House bill would make churches, concerts, parks and more legal places to possess a firearm
BISMARCK – Gun rights advocates clashed with the medical, hospitality and religious sectors on Thursday over a bill that would allow concealed weapons in churches and forbid doctors from asking patients if they own firearms.
House Bill 1241 would remove churches, political functions, music concerts and public parks from the list of public gathering places where possessing a firearm or dangerous weapon is currently a Class B misdemeanor under state law.
The bill’s prime sponsor, Rep. Roscoe Streyle, R-Minot, said the state gives people permission to carry concealed firearms, “but we don’t trust those people to be responsible with firearms in certain locations.”
“It’s really hard to know where you can go anymore … so you find yourself a criminal by default almost,” he testified before the House Energy and Natural Resources Committee.
But it was the bill’s section that would prohibit medical workers from inquiring about a patient’s firearms ownership that drew the most opposition.
Dr. Andy McLean, medical director for the North Dakota Department of Human Services, said psychiatrists need to ask about firearms when trying to ascertain the risk of suicide or homicide in someone already identified as high-risk.
Not asking about firearms also sets up a physician for malpractice while violating their First Amendment right to free speech, North Dakota Medical Association Executive Director Courtney Koebele said, calling the provision “a clear interference with the patient-physician relationship.”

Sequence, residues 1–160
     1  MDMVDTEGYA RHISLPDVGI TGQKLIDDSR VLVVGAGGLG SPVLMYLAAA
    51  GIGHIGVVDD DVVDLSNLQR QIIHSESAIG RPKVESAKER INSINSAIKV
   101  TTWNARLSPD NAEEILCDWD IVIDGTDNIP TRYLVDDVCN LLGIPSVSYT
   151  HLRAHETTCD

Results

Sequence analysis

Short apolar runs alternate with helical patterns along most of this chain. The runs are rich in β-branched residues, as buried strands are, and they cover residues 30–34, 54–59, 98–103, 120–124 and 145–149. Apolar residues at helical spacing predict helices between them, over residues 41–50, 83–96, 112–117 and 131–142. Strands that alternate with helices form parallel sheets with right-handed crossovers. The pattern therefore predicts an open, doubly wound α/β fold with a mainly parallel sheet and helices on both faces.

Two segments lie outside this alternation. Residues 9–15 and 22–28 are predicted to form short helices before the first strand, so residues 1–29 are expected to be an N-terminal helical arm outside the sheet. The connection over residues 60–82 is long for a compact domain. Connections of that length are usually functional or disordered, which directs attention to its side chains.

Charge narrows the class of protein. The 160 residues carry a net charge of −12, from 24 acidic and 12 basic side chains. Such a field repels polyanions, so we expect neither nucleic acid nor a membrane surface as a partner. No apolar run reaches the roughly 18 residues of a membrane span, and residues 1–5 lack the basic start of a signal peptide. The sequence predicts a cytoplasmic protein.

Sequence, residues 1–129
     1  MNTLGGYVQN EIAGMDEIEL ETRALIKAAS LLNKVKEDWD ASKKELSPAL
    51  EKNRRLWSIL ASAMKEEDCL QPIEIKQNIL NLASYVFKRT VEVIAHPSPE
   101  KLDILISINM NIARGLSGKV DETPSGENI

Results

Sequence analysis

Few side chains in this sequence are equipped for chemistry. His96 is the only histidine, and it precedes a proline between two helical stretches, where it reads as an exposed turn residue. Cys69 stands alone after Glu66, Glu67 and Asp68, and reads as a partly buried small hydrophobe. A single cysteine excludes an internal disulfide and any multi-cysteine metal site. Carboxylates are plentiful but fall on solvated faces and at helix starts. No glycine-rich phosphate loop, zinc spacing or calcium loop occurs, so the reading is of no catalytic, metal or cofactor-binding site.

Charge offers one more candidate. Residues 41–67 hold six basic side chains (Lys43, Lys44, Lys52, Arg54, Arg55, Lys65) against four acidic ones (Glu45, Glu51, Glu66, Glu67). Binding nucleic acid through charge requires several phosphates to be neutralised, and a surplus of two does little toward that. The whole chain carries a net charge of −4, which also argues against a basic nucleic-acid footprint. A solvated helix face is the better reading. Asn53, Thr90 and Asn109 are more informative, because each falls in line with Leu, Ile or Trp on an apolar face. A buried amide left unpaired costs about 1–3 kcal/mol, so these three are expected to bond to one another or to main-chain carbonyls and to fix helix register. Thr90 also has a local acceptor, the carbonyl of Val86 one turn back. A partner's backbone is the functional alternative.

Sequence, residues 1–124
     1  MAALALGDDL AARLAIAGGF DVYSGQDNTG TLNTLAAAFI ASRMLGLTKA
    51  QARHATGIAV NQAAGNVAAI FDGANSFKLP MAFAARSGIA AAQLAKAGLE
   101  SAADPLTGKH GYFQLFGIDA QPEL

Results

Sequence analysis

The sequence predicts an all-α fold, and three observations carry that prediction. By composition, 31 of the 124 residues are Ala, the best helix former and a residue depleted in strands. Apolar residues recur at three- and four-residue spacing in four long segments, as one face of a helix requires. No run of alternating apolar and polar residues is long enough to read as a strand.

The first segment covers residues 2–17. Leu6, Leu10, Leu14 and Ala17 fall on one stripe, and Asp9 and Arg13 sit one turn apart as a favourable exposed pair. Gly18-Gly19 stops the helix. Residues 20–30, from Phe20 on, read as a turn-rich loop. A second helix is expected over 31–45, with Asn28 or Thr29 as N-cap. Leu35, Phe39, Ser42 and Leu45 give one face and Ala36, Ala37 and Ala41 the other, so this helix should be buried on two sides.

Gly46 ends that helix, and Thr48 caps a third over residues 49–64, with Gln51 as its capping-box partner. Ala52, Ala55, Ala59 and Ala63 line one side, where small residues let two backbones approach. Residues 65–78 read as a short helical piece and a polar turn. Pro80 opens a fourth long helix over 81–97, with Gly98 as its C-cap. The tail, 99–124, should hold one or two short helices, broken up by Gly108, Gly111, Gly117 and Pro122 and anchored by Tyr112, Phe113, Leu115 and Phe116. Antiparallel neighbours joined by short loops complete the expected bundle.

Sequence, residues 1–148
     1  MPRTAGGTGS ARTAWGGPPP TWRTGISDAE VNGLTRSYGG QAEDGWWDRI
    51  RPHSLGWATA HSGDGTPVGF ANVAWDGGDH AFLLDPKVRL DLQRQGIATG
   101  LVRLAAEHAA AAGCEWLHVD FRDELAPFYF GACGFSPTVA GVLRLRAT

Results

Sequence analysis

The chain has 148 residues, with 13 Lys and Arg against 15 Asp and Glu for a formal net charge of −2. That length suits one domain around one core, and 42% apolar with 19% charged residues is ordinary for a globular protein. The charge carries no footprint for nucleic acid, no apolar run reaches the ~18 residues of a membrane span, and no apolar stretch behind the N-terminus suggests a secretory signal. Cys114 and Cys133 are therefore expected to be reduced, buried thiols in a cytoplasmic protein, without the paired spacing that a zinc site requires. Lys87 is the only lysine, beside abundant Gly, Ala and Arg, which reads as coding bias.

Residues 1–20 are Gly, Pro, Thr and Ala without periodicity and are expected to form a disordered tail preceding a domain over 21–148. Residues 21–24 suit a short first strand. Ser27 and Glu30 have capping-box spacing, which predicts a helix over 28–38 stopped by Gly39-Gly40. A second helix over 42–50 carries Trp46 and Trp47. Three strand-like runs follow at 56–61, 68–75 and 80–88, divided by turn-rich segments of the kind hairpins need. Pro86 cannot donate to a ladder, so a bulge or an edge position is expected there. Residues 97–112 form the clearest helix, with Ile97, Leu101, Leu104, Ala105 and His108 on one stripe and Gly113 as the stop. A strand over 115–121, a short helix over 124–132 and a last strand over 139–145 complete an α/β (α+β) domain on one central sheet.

Dr. Gabriela Balf said her first patient as a family doctor practicing in Connecticut was a young man who shot himself within a month of their first appointment. Balf, now chair of the psychiatry department at Sanford Health in Bismarck, said asking about firearms is in line with national guidelines, “not doctors in North Dakota being nosy.”
“I cannot imagine a situation where I could not ask that,” she said, adding that if the provision passes, “I will be an infractor.”
The lone person to testify against allowing concealed weapons license holders to carry in church reminded committee members that a law passed in 2013 already allows church members to grant such permission, as long as law enforcement is notified. But some churches have a long history of opposition to firearms, and the proposed change could violate their religious freedom, said Christopher Dodson, executive director of the North Dakota Catholic Conference.
“I think this current law strikes a good balance,” he said.
The North Dakota Hospitality Association opposed a different section of the bill that would allow permit holders to carry concealed weapons in a liquor establishment or the 21-and-over area of restaurants as long as the person isn’t drinking alcohol. Executive Director Rudie Martinson said it creates potential safety issues for customers and employees and concerns about liability and insurability.
“In short, guns and alcohol don’t mix,” he said.
The bill also would repeal a section of state law that forbids carrying a loaded firearm in a car while hunting; remove the state registration requirement for machine guns, fully automatic rifles, bombs and other federally licensed firearms; and allow hunters to use short-barreled rifles.
Paul Hammers, a municipal court judge in Napoleon and concealed weapons permit test administrator, testified in support of the bill, saying it answers questions he often hears in class.
“It’s important that we clarify where people can and can’t carry,” he said.